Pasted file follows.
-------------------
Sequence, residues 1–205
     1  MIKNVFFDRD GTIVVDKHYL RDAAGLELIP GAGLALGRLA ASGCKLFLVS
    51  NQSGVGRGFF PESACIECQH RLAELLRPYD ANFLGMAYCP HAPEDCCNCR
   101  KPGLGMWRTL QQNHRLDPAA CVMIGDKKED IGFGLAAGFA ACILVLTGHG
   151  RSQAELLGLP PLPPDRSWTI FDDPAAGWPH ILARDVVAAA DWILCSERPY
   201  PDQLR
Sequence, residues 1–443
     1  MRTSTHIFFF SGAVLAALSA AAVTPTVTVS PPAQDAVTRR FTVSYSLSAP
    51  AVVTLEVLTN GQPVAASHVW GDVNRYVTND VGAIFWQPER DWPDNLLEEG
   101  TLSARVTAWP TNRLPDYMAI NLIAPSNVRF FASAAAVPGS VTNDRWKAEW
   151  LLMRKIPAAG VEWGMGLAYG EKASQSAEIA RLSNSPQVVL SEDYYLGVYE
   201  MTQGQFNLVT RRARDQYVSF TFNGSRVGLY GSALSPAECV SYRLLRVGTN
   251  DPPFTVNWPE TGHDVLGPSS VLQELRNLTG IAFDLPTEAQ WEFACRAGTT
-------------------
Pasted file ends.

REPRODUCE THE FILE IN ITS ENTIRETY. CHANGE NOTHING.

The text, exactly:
Sequence, residues 1–205
     1  MIKNVFFDRD GTIVVDKHYL RDAAGLELIP GAGLALGRLA ASGCKLFLVS
    51  NQSGVGRGFF PESACIECQH RLAELLRPYD ANFLGMAYCP HAPEDCCNCR
   101  KPGLGMWRTL QQNHRLDPAA CVMIGDKKED IGFGLAAGFA ACILVLTGHG
   151  RSQAELLGLP PLPPDRSWTI FDDPAAGWPH ILARDVVAAA DWILCSERPY
   201  PDQLR
Sequence, residues 1–443
     1  MRTSTHIFFF SGAVLAALSA AAVTPTVTVS PPAQDAVTRR FTVSYSLSAP
    51  AVVTLEVLTN GQPVAASHVW GDVNRYVTND VGAIFWQPER DWPDNLLEEG
   101  TLSARVTAWP TNRLPDYMAI NLIAPSNVRF FASAAAVPGS VTNDRWKAEW
   151  LLMRKIPAAG VEWGMGLAYG EKASQSAEIA RLSNSPQVVL SEDYYLGVYE
   201  MTQGQFNLVT RRARDQYVSF TFNGSRVGLY GSALSPAECV SYRLLRVGTN
   251  DPPFTVNWPE TGHDVLGPSS VLQELRNLTG IAFDLPTEAQ WEFACRAGTT